ie

t-1 Ft

=

- 1

Yield curves The spot yield curve plots the spot yields (or zero coupon yields) against term to maturity. The spot yield curve is also called the Term structure of interest rates. The ytm curve is a plot of the ytms of bonds of the same maturity over time. It is usually obtained by regression. ( You will notice in the tutorial how bonds of the same maturity but different coupons have slightly different ytms based on their cash flows.) Finally, the forward yield curve plots one period forward rates against term to maturity.

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Valuing Bonds. (a) a redeemable bond Q A company has issued bonds redeemable at the end of three years from now, with a coupon of 6.0 % payable annually and redeemable at par. (The par value of a bond is £ 100 unless mentioned otherwise.). The one year, two year and three year spot rates are 6%, 8% and 10% respectively. (i) What will be the market price of this bond? (ii) Calculate the ytm of the bond. Answer: (i) The market value of the bond is the present value of all its payments: Present Value of first Coupon: 6/ (1.06) “” second “ : 6/ (1.08)2 “” third “ : 6/ (1. 10)3 = £ 5.66 = £ 5.14 = £ 4.51

Present value of redemption amount = 100/ (1.10)3 = 75.13 Total (ii) ytm of the bond is the IRR of the bond: Locate the two rates between which the NPV changes sign and interpolate. |At 9%: annuity of £6 for three years = 6 x 2.531 = 15.186 Redemption amount = 100 x 0.772 = 77.200 Total Value = 92.386 PV = 92.386 - 90.44= 1.946 At 10% annuity of £6 for three years = 6 x 2.487 = 14.922 Redemption amount = 100 x 0.751 = 75.100 Total Value = 90.022 PV = 90.022– 90.44 = - 0.418 By interpolation, the IRR is 9 + ( 1.946/2.364) = 9.823 % £ 90.44

(b) irredeemable bonds If you have an irredeemable bond with a 6.0% coupon, and the ytm is 9.823% what will be its value? Value, as a perpetuity = C/y = 6.0/ 0.09823 = £ 61.08.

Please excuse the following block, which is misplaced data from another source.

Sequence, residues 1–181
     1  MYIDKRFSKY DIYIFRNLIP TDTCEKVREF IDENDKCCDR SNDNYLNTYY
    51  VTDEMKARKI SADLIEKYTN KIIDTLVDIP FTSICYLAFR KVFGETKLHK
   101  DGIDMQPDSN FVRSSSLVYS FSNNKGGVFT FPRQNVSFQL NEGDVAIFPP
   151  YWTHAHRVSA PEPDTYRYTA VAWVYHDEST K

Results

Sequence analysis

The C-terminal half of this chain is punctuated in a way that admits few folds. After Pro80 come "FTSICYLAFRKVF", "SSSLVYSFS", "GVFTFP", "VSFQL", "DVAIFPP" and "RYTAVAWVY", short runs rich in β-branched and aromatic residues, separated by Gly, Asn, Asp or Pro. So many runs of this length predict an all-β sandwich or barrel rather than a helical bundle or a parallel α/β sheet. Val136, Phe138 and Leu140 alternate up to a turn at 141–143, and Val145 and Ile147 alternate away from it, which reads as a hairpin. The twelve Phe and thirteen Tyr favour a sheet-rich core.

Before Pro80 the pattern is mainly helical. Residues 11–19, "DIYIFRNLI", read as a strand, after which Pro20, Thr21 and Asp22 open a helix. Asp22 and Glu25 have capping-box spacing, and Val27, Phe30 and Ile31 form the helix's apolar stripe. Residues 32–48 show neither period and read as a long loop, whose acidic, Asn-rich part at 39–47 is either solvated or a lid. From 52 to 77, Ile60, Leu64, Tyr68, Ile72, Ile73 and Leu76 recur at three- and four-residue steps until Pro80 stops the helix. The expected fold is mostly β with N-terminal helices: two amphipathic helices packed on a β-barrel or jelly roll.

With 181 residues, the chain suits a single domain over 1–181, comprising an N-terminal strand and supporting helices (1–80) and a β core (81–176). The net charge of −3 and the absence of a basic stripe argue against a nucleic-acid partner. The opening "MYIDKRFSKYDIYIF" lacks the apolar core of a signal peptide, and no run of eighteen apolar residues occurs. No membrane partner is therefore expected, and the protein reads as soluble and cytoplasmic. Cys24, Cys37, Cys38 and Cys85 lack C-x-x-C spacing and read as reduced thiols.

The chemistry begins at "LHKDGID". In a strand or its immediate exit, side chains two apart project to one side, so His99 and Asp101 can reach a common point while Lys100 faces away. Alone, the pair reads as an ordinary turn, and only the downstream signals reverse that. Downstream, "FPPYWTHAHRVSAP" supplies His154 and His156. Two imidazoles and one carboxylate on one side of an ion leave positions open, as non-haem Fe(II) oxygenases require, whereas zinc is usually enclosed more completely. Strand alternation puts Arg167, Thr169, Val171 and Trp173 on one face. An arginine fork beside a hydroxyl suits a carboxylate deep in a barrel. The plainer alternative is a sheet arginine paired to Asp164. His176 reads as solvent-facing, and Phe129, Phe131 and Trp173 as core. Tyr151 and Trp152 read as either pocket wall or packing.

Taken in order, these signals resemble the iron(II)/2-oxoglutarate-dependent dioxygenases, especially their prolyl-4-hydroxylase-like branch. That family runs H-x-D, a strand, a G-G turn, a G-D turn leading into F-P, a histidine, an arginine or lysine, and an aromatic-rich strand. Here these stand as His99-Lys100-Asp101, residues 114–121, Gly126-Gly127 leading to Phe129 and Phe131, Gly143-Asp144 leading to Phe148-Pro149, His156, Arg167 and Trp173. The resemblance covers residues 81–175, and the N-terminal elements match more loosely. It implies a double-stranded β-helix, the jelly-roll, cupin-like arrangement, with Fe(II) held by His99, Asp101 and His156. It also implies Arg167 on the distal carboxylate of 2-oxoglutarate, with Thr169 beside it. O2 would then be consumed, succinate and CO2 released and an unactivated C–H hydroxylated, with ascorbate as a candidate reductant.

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Theories of the term structure

The term structure of interest rates shows the relationship between short term and long term spot rates.

According to the expectations hypothesis, the market’s expectations of future interest rates is based on bond yields. Thus the forward interest rate between any periods can be computed from the spot yields of two adjacent periods and the spot yield for the period 0-t could be thought of as constructed from one period forward rates as below: (1+ S 2 ) 2 = ( 1+ S1 )( 1+ 1 F 2 ) ; In general: (1+ S t ) t = ( 1+o F1 )( 1+ 1 F 2 ) ( 1+ 2 F 3) ..... ( 1+ t-1 F t ); St = Spot yield for period 0-t ; = one period forward rate between (t-1) and t. t-1 F t This implies that if a contract is made to roll over one period investments, it is the same as if an investment had been made for the entire period: ie there are no excess profits to be made by following either strategy: ` perfect substitutability’. The theory also states that forward rates are the best indicators of expected future spot rates. The Liquidity preference hypothesis states that investors have a preference for liquidity and therefore they will prefer short term investments as compared to longer term investments. Therefore they are prepared to accept lower rates of interest for the short term. Conversely, borrowers have to pay a premium for longer term investors. Here then a premium term, depending upon the maturity, has to be incorporated to equate the `t’ period spot yield with the yield constructed from one period forward rates. According to the theory the liquidity premium increases with time. Ie (1+ S t ) n = ( 1+o F1 )( 1+ 1 F 2 ) ( 1+ 2 F 3) ..... ( 1+ t-1 F t ) + Tn where `Tn’ is a premium term which increases with the term to maturity.

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The Market Segmentation or preferred habitat theory states that the market is segmented by different participants who have a preference for different maturities: banks at the short end and pension funds at the long end. Supply and demand conditions thus determine the shape of the term structure. This theory explains a `hump’ noticed often in the yield curve, as there is often not much 09demand for n medium term maturities. The effects of inflation could also be kept in mind. A rising yield curve thus implies higher expectations of inflation in the future (also called the Fisher effect). Empirical evidence favours the former two theories: the expectations hypothesis remains the basis of determining what interest rates could be expected to be while liquidity premiums have been noticed from time to time.

Yield curves of different shapes: Y axis - `interest rates’ X axis - `term to maturity’

What are the implications for projects ? - discount rates - sourcing finance